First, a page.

From Middle French attester, from Latin attestor ‎(to witness to, bear witness), from at-, combining form of ad ‎(to) + testor ‎(to bear witness), from testis ‎(a witness).



attest ‎(third-person singular simple present attests, present participle attesting, simple past and past participle attested)

  1. To affirm to be correct, true, or genuine.
    When will the appraiser attest the date of the painting?
    • Addison
      facts [] attested by particular pagan authors
    • 1599Shakespeare, Henry V iii 1 (Act ii in First Folio edition)
      Dishonour not your Mothers: now attest that those whom you call'd Fathers, did beget you.
  2. To certify by signature or oath
    You must attest your will in order for it to be valid.
  3. To certify in an official capacity.
  4. To supply or be evidence of
    Her fine work attested her ability.
    • 1992, Rudolf M. Schuster, The Hepaticae and Anthocerotae of North America: East of the Hundredth Meridian, volume V, page viii
      The supplementary bibliography (in Vol. VI) attests to the comprehensiveness of the effort.
    • 1599Shakespeare, Henry V Prologue (First Folio edition)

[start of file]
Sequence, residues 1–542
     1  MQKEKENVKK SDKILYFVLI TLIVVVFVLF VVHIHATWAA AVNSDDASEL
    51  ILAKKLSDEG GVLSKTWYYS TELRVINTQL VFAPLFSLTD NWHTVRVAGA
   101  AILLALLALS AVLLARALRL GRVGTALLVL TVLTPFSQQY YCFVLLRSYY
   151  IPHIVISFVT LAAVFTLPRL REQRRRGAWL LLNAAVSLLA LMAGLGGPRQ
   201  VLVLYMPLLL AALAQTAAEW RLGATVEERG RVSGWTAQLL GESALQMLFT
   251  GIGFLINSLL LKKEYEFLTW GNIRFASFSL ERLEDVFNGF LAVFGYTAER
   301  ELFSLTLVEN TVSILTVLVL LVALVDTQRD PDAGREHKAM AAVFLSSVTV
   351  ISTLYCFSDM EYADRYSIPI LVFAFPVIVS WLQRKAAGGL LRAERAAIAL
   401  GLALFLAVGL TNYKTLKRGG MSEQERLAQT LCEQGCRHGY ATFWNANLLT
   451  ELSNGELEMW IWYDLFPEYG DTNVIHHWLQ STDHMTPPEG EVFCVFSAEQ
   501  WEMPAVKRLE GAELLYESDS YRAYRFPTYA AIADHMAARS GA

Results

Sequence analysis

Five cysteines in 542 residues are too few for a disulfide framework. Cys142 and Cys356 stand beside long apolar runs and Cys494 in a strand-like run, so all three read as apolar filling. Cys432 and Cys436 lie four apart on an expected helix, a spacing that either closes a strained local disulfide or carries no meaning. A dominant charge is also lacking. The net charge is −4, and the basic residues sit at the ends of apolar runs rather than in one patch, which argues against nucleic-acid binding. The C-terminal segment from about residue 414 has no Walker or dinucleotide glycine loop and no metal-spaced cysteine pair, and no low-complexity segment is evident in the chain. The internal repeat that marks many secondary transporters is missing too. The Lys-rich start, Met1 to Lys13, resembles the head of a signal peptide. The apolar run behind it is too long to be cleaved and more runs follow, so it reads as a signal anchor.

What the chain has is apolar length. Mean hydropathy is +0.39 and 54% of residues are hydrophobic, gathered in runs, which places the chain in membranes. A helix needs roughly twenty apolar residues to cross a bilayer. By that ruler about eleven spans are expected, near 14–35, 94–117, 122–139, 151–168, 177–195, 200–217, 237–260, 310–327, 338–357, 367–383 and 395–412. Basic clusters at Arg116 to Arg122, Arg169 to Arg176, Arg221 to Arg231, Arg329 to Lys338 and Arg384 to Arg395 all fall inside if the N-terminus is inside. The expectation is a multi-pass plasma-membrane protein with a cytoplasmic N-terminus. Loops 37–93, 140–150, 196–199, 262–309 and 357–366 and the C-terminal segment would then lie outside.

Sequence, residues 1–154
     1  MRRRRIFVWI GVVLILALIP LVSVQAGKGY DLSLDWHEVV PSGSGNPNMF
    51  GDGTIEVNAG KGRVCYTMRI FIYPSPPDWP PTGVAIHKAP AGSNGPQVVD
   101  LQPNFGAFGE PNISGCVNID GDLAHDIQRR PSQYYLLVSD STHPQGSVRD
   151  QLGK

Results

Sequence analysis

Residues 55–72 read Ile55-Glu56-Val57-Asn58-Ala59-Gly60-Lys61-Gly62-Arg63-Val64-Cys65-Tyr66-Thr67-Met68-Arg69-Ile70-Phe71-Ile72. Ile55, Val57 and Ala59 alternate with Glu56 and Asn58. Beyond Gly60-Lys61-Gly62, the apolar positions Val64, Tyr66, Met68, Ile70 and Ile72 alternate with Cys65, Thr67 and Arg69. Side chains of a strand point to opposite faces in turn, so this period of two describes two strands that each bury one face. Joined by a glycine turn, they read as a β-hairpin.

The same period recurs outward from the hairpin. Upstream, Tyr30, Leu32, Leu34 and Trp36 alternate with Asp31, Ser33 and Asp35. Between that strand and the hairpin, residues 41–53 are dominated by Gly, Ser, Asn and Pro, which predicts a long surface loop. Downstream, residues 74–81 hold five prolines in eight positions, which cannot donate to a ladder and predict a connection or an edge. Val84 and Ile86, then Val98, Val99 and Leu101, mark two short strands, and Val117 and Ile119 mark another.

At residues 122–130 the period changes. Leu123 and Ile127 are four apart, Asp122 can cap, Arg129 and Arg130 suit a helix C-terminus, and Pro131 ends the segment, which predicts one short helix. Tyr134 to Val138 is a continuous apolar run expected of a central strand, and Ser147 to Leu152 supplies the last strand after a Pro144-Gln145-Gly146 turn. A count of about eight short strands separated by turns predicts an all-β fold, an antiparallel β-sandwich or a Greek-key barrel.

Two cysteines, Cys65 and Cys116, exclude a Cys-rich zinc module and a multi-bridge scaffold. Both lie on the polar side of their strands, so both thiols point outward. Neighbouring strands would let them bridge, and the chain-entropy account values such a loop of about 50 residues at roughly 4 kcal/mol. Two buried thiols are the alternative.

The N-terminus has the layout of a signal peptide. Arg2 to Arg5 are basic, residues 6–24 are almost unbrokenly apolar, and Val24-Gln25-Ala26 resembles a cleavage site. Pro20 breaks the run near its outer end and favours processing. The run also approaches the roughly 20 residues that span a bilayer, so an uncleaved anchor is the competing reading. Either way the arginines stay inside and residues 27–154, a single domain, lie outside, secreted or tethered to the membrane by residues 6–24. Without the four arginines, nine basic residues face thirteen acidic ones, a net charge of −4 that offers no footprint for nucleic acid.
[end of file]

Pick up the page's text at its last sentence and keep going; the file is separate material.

O pardon : since a crooked Figure may / Attest in little place a Million, / And let us, Cyphers to this great Accompt, / On your imaginarie Forces worke.
  5. To put under oath.
  6. To call to witness; to invoke.
    • Dryden
      The sacred streams which Heaven's imperial state / Attests in oaths, and fears to violate.

Derived termsEdit


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Dutch Wikipedia has an article on:

Wikipedia nl


  • (file)
  • Hyphenation: at‧test


attest n ‎(plural attesten, diminutive attestje n)

  1. certificate, attestation




attest c

  1. certification, authorization; certificate


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